We awoke at 5.00 am to begin our Inca Trail journey. We were still very exhausted and a bit slow moving and Liz came to our room just before our scheduled pickup to make sure we were awake and alive and hurry us along. In all the rush I left my headlamp somewhere in the hostel which would prove unfortunate for the next three nights.
Our bus pickup arrived bright and early at 5.30 and we loaded up with our daypacks stuffed to the brim and both tried to fall back asleep for a bit more sleep as we picked up the rest of what would become known as our SAS Family. After about an hour we gave up on trying to sleep and instead watched the Peruvian countryside roll by. It was incredibly beautiful even on a grey and rainy day, with bright green fields and mountains in the background. Farm houses dotted the landscape, constructed with mud bricks and painted with political ads in bright colors for the upcoming presidential election.
We stopped at one of these houses for breakfast and to pick up any forgotten supplies. We all made use of the restroom and noticed a pen of guinea pigs at the back of the house and were reminded that Cuy is a delicacy in Peru. Luckily our breakfast was only eggs and toast and did not feature any former pets.
After breakfast we climbed back aboard the bus and drove to Ollantaytambo, a small frontier town at the head of the Sacred Valley that serves as a jumping off point for Macchu Picchu. We stopped in the town square for a little bit where we took some pictures and admired the very brightly colored textiles for sales at the shops around the perimeter. Aldo, our guide for the next four days, took some of us through back alleys to an overlook of our first Incan ruins. Ollantaytambo had been an Incan stronghold back in the day and the ruins of the old town were still very well preserved across the valley from us. It was here as well that a local girl performed a Quechua song and dance for us to wish the farms a good harvest. It was pretty awful but we all gave her a Sol (30 cents) for her trouble.
After our brief stop in Ollantaytambo, we got back out of the rain and onto the bus to finish the drive to the trailhead. It took us along a terrifying one lane dirt road next to a raging, muddy river. More than once we had to back up to facilitate the two way traffic on this one lane road, but our driver had truly impressive skills, leading Jon to comment that driving in Peru is just like football, “a game of inches.”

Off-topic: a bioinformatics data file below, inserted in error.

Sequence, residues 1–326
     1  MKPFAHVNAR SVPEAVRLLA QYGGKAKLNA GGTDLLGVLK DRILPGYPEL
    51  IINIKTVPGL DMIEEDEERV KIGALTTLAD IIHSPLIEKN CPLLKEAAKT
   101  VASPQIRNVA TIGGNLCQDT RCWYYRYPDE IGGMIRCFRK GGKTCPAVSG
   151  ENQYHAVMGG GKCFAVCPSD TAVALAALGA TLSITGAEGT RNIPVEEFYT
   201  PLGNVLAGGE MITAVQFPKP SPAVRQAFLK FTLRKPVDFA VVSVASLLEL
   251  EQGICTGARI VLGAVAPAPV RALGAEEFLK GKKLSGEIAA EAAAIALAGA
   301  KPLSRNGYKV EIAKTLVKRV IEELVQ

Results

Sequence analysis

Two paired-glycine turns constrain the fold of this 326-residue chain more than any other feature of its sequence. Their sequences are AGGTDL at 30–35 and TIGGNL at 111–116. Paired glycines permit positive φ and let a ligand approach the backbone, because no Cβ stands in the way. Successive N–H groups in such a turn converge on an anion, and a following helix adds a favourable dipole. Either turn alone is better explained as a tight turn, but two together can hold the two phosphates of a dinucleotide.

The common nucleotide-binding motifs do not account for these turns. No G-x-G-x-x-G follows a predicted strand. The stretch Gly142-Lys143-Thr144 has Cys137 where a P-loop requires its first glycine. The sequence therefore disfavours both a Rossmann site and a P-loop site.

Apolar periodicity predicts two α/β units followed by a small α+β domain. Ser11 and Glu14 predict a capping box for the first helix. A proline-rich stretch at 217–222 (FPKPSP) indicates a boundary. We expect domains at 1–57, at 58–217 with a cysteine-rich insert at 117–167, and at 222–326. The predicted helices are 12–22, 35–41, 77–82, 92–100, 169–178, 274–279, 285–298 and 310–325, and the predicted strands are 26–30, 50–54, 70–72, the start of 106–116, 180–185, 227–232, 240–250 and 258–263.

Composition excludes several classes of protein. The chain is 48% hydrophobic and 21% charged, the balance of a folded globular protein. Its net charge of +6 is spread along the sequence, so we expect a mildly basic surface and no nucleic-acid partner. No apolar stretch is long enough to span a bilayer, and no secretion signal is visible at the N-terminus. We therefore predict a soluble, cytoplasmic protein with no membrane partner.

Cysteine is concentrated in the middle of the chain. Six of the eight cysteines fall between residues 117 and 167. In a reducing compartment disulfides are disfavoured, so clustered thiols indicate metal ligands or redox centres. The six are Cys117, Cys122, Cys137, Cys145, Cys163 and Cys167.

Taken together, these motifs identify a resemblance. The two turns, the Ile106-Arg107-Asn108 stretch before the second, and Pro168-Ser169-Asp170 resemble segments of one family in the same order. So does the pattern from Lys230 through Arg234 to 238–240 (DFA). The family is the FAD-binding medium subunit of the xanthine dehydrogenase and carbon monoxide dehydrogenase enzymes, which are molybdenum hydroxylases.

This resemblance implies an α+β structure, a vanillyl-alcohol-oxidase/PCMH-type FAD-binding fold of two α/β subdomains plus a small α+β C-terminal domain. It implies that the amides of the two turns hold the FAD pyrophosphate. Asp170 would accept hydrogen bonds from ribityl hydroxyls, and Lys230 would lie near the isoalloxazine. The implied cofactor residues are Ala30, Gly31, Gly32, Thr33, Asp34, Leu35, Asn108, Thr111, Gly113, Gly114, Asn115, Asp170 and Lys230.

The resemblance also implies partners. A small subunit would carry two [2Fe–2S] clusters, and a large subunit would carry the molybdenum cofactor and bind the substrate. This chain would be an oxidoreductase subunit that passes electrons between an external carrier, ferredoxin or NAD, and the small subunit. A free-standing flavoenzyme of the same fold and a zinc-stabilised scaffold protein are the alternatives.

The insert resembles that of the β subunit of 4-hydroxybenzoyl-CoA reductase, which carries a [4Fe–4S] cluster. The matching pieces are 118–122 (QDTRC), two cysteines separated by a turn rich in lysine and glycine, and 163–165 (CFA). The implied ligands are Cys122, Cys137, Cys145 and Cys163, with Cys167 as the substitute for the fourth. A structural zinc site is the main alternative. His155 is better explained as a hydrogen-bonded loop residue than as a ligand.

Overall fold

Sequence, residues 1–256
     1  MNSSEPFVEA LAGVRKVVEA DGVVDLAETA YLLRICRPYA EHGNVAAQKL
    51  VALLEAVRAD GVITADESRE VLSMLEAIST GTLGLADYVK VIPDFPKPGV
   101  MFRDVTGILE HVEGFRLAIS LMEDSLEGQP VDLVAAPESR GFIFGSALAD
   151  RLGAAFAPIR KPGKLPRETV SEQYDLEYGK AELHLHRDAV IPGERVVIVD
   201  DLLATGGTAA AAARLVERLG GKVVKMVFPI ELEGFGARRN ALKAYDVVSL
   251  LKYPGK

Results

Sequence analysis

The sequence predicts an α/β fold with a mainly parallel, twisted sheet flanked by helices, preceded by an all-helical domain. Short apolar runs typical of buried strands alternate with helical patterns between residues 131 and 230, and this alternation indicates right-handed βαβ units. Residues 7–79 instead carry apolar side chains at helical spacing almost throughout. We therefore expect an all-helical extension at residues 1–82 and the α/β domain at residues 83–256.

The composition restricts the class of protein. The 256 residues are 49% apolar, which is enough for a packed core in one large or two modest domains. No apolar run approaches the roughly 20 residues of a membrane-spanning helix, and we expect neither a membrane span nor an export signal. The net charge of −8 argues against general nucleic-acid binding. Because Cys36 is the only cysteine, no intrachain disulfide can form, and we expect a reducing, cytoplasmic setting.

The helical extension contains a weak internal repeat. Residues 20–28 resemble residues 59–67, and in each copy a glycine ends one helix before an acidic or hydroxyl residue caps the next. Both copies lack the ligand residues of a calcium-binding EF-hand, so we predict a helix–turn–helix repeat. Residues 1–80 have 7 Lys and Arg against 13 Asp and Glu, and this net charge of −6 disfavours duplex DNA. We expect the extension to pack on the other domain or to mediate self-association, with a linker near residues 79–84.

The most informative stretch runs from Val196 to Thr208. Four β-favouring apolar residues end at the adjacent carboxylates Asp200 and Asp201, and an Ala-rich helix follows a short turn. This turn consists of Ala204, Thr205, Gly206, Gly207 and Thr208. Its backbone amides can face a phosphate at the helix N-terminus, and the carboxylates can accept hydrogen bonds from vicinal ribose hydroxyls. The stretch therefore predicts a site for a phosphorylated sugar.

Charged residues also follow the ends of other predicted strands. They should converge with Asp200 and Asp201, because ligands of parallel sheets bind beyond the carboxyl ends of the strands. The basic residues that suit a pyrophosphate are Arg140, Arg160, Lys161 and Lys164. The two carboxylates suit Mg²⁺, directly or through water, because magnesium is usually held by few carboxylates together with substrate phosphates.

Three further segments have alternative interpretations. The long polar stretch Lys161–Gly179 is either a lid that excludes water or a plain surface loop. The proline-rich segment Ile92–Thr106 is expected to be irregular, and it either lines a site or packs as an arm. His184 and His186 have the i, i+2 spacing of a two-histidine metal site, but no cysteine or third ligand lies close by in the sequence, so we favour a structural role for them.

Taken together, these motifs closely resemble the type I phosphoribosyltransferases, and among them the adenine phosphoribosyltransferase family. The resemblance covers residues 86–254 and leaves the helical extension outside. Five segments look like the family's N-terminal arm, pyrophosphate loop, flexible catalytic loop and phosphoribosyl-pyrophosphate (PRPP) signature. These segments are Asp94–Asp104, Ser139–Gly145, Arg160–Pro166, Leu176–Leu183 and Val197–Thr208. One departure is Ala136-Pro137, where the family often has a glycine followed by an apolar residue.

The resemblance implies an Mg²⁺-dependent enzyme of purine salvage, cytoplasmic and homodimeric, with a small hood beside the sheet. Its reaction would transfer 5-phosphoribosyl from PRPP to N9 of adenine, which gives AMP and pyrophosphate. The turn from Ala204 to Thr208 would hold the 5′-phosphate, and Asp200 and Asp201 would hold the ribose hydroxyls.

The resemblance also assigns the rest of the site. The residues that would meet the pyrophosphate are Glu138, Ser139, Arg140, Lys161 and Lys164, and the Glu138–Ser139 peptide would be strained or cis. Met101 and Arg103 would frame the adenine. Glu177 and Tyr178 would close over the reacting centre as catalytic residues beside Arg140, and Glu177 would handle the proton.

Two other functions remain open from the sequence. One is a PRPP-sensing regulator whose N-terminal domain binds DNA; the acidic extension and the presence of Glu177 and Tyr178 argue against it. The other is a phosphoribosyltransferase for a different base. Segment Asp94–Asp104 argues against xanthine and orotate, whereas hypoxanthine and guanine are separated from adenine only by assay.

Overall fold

Finally at the trail head, we were issued our sleeping bags and foam mattresses. Both were absolutely massive and very heavy and Lynn and I were very concerned how this was going to attach to our already overstuffed daypacks. While we played with some string trying to get them attached I got increasingly frustrated at our lack of foresight in planning how we would carry all of this stuff. The frustration was not helped by the local women who were very insistent that I buy the straps they were selling or the rain that had started falling again, getting everything all wet. I had to make Lynn get the women away from me before my “no gracias” turned into something a bit less polite. Eventually, with some help from our guides, Aldo and Ronnie, we managed to strap everything together and tie our cheap plastic ponchos around it for some measure of waterproofness.
Ready to go, or at least as ready as we could be, we paused for some pictures by the starting sign and then checked in with the park officials before we began. Only 500 people are allowed to start the Inca Trail per day and a ranger was keeping track as we crossed the bridge to start the trail. Of that 500, about 300 are porters, or Chaskis as they like to be called, who carry tents, food, and supplies between campsites for the tourists. We would learn over the next four days that Chaskis are basically superhumans who run up the mountainsides in sandals while carrying 25 kg packs. Aldo told us that there used to not be a limit to how much they would carry and some loaded their packs with over 50 kgs and would also run with tanks of kerosene for the camp stoves before they switched to propane and had mandatory 25 kg limits imposed in 2000.
The first bit of the hike was nice and slow as we eased into the trail and adjusted to our packs. About half of our SAS family had elected to hire a Chaski to carry their stuff and walked unburdened along the trail. Lynn and I began to regret more and more our decision to not spend the $75 on our own Chaski as we hiked along. As we went, Aldo would stop us and point out interesting plants and he had an incredible knowledge of everything Inca Trail related. In fact over the next four days there was not a question he did not know the answer to, even down to how many species of Orchid grew in the park. We would later learn that this was his over 500th Inca Trail group he has led. While all of his knowledge was interesting, we both were a bit uncomfortable with our bags and just honestly wanted to keep moving. At least the rain had stopped and the clouds were keeping it cool so it wasn’t all bad.